Click here to continue reading the list of the 12 best places to buy a home…

Continue Reading

Housing News

Average age of houses on the rise, so is it now better or worse to buy new?

With aging housing in America, are first-time buyers better off buying new or existing homes? The average age of a home is rising, as is the price of new housing, so a shift could be upon us.

Published

on

aging housing inventory

aging housing inventory

The average home age is higher than ever

(REALUOSO.COM) – In a survey from the Department of Housing and Urban Development American Housing Survey (AHS), the median age of homes in the United States was 35 years old. In Texas, homes are a bit younger with the median age between 19 – 29 years. The northeast has the oldest homes, with the median age between 50 – 61 years. In 1985, the median age of a home was only 23 years.

With more houses around 40 years old, the National Association of Realtors asserts that homeowners will have to undertake remodeling and renovation projects before selling unless the home is sold as-is, in which case the buyer will be responsible to update their new residence. Even homeowners who aren’t selling will need to consider remodeling for structural and aesthetic reasons.

Prices of new homes on the rise

Newer homes cost more than they used to. The price differential between new homes and older homes has increased from 10 percent traditionally to around 37 percent in 2014. This is due to rising construction costs, scarcity of lots, and a low inventory of new homes that doesn’t meet the demand.

Click here to continue reading this story…

Continue Reading

Housing News

Are Realtors the real loser in the fight between Zillow Group and Move, Inc.?

The last year has been one of dramatic and rapid change in the real estate tech sector, but Realtors are vulnerable, and we’re worried.

Published

on

zillow move

zillow move

Why Realtors are vulnerable to these rapid changes

(REALUOSO.COM) – Corporate warfare demands headlines in every industry, but in the real estate tech sector, a storm has been brewing for years, which in the last year has come to a head. Zillow Group and Move, Inc. (which is owned by News Corp. and operates ListHub, Realtor.com, TopProducer, and other brands) have been competing for a decade now, and the race has appeared to be an aggressive yet polite boxing match. Last year, the gloves came off, and now, they’ve drawn swords and appear to want blood.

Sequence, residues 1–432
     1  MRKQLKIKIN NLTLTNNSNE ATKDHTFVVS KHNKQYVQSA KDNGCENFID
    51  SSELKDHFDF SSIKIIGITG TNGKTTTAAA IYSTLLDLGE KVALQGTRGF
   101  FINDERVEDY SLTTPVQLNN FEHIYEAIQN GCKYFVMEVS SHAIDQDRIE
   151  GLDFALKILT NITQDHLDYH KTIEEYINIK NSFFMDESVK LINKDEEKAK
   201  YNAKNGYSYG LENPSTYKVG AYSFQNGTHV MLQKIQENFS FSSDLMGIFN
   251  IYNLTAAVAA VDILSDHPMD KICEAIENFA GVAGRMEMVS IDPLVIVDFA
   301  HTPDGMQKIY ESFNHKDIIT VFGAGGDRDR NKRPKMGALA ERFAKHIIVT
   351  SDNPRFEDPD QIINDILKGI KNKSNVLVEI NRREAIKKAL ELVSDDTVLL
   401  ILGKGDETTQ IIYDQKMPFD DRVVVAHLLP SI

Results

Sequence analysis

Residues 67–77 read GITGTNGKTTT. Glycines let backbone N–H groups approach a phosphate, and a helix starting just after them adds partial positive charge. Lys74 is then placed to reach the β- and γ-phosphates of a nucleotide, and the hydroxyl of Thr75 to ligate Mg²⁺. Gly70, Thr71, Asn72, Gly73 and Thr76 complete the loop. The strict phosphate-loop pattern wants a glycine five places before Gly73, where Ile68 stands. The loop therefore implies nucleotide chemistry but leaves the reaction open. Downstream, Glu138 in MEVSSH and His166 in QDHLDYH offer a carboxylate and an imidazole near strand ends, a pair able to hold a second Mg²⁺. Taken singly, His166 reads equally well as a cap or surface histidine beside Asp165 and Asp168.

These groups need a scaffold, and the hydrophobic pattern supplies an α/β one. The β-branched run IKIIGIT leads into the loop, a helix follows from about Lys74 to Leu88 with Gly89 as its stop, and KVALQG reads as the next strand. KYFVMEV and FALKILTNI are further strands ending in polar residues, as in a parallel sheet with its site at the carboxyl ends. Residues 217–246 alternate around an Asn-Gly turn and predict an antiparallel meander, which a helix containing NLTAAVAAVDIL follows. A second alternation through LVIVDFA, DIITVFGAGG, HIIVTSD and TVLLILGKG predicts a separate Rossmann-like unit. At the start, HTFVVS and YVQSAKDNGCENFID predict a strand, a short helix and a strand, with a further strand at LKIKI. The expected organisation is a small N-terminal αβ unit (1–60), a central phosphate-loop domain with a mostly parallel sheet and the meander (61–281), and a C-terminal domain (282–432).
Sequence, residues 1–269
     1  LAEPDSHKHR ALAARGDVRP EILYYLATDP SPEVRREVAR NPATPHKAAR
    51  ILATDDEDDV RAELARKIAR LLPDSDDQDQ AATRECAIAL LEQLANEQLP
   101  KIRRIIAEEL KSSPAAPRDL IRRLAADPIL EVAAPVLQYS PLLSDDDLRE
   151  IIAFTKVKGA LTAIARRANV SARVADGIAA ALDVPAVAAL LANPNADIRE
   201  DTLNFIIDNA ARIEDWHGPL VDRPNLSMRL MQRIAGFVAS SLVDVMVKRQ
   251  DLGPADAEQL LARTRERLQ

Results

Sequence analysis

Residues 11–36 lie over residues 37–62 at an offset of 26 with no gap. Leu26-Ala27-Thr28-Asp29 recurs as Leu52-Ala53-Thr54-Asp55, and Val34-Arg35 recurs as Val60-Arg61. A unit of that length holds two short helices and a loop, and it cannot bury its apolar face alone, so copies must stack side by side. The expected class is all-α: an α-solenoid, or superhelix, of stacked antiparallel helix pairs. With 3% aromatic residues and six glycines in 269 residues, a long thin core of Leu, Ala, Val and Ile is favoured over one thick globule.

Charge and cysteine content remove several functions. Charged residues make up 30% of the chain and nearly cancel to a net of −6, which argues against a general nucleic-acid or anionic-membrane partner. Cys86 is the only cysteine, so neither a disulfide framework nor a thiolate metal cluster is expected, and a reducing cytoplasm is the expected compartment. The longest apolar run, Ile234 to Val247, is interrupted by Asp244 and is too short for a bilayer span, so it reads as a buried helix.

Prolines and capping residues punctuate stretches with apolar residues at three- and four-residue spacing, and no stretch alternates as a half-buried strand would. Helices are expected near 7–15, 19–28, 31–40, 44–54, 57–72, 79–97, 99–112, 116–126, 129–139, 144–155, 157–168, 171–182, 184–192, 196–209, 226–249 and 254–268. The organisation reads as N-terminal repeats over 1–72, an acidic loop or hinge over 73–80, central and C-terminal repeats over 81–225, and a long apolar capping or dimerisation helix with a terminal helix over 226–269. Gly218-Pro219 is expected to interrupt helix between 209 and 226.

Note: We’ll let you decide which company plays which role in the image above.

So how then, does any of this make Realtors the victims of this sword fight? Let’s get everyone up to speed, and then we’ll discuss.

1. Zillow poaches top talent, Move/NAR sues

It all started last year when the gloves came off – Move’s Chief Strategy Officer (who was also Realtor.com’s President), Errol Samuelson jumped ship and joined Zillow on the same day he phoned in his resignation without notice. He left under questionable circumstances, which has led to a lengthy legal battle (wherein Move and NAR have sued Zillow and Samuelson over allegations of breach of contract, breach of fiduciary duty, and misappropriation of trade secrets), with the most recent motion being for contempt, which a judge granted to Move/NAR after the mysterious “Samuelson Memo” surfaced.

Salt was added to the wound when Move awarded Samuelson’s job to Move veteran, Curt Beardsley, who days after Samuelson left, also defected to Zillow. This too led to a lawsuit, with allegations including breach of contract, violation of corporations code, illegal dumping of stocks, and Move has sought restitution. These charges are extremely serious, but demanded slightly less attention than the ongoing lawsuit against Samuelson.

2. Two major media brands emerge

Last fall, the News Corp. acquisition of Move, Inc. was given the green light by the feds, and this month, Zillow finalized their acquisition of Trulia.

…Click here to continue reading this story…

Continue Reading
Advertisement

Our Great Partners

The
American Genius
news neatly in your inbox

Subscribe to our mailing list for news sent straight to your email inbox.

Emerging Stories

Get The American Genius
neatly in your inbox

Subscribe to get business and tech updates, breaking stories, and more!